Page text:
Jude Hall gets a make-over


John Northenscold Jr., scoutmaster of Troop 219, and Assistant Senior Patrol Leader Kenny Nyquist hand the key to Jude Hall over to Maple Lake Mayor Lynn Kissock, Thursday, Oct. 23, at the building’s re-dedication ceremony. Behind them, Scouts (from left) Gabe Riviere, Samuel Riviere, Gabriel Smail and Jack Peterson look on.

Members of Boy Scouts Troop 219 listen as Betty Thomes, former member of the Maple Lake Jaycees, remembers the trouble they had moving Jude Hall to Bolduan Park back in 1982. The Municipal Airport donated the building to the Jaycees, but it fell apart on the way over.

From left, Maple Lake Mayor Lynn Kissock, city council member Deb Geyen and Scout leader Alan Loch look at a diagram the Jaycees put together back in 1982 when they started the Bolduan Park project. Loch found the diagram in the dumpster when the Boy Scouts started cleaning out Jude Hall one year ago. Much of what the Jaycees conceptualized came true, including ball fields, hockey rink and game pond.

 

 Three times the historic Jude Hall behind Maple Lake’s Irish Stadium has looked upon its own demolition, and three times it has escaped it.
When vandals broke the windows and water leaked in causing extensive damage, officials at City Hall wanted to tear it down, but the local Boy Scouts stepped in, cleaned it up and used it for many years, John Northenscold Jr., the scoutmaster of Troop 219 said.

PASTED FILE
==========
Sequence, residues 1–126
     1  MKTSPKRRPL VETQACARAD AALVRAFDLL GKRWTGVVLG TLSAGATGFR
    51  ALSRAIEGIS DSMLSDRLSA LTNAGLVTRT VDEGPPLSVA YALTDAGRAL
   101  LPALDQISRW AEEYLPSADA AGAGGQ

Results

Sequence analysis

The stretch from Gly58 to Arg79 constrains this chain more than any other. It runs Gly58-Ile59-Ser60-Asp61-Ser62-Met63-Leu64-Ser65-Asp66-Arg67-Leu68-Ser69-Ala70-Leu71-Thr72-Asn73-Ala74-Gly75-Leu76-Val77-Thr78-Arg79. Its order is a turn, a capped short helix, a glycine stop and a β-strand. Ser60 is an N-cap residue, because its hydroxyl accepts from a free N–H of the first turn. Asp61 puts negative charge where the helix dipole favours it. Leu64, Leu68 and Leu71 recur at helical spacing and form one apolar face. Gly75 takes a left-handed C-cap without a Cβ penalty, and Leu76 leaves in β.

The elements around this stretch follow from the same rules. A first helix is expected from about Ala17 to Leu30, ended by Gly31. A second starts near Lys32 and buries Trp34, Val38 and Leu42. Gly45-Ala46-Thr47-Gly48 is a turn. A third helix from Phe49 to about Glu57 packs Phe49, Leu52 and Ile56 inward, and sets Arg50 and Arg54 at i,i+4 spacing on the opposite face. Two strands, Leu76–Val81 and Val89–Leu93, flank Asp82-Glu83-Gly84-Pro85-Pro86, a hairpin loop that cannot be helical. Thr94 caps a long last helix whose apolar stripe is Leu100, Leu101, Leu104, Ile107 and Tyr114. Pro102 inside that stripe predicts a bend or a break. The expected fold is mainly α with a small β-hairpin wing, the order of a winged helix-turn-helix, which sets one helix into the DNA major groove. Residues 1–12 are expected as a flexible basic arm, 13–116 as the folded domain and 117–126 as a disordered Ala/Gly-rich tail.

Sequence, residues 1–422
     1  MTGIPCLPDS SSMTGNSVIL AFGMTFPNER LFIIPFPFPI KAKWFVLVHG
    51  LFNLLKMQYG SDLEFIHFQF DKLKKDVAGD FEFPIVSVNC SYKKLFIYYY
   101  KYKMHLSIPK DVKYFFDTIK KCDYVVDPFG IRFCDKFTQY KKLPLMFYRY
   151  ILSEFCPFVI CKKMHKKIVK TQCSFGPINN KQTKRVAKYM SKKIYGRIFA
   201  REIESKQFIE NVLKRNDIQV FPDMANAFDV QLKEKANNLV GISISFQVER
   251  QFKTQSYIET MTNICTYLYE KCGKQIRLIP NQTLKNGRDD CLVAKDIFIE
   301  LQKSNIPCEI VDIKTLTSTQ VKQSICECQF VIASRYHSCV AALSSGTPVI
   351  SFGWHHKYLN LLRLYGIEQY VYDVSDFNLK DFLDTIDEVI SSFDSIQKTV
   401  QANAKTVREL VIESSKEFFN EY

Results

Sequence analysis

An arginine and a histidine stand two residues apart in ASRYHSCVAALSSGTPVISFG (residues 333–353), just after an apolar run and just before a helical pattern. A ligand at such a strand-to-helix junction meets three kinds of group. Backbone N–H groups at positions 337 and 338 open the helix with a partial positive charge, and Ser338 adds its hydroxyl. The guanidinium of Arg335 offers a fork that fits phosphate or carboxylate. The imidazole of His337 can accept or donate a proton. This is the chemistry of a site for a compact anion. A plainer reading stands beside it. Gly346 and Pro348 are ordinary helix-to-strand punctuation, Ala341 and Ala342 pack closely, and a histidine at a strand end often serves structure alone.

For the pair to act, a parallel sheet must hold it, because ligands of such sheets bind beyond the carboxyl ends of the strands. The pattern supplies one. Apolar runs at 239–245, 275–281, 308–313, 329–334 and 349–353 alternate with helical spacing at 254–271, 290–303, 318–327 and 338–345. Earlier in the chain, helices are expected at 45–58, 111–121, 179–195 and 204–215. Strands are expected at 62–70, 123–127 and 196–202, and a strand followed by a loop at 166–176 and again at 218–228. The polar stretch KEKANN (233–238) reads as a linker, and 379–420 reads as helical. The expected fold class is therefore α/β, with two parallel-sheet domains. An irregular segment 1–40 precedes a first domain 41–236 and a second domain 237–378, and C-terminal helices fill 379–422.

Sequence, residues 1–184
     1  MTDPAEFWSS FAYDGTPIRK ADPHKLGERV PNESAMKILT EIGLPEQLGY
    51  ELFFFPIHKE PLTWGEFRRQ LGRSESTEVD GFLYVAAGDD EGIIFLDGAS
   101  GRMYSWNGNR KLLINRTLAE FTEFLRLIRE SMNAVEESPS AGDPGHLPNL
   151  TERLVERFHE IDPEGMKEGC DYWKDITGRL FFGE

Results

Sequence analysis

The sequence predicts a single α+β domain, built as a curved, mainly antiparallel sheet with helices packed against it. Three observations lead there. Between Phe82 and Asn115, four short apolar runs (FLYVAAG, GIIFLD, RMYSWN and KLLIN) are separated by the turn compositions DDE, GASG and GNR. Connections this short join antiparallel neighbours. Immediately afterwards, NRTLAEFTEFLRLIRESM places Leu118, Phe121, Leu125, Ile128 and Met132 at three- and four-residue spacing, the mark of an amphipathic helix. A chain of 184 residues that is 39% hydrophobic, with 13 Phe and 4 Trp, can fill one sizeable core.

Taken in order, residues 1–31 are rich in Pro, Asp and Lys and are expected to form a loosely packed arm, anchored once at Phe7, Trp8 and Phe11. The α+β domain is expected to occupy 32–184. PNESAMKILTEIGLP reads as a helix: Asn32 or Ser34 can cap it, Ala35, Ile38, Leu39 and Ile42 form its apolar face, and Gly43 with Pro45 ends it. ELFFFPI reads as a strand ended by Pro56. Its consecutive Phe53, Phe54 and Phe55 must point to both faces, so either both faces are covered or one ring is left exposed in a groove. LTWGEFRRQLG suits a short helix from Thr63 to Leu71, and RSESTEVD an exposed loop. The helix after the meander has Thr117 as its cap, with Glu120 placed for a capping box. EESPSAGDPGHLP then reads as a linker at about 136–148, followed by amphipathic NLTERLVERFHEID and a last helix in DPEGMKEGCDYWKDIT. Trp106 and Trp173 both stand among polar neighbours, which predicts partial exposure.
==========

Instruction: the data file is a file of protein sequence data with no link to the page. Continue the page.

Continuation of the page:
Then a tree fell on the roof and caused enough damage that again it was threatened with demolition. Again the Boy Scouts saved it. Later, when mold was found in the walls, it seemed there was no avoiding its fate, but Troop 219 came through a final time.
Throughout all of its uncertain history, Jude Hall has been a place where young leaders have come together to make great things happen.
That’s what the community celebrated, Thursday, Oct. 23, when Jude Hall was rededicated and given back to the city.
“What you have done here is a great accomplishment,” Maple Lake Mayor Lynn Kissock said as she accepted an ornate key from Scout leaders. “You are definitely yet another reason why I’m very proud to be a part of this community.”
Northenscold spoke of hopes that the building could become more than just a place for Scouts to meet. His vision is that it serve as a community center for after school activities, Girl Scouts, 4H clubs, maybe a movie night for the kids and for private parties like weddings. This winter it will be open as a warming house for the hockey rink that was built a few years ago.
More information appears in this week's Messenger.
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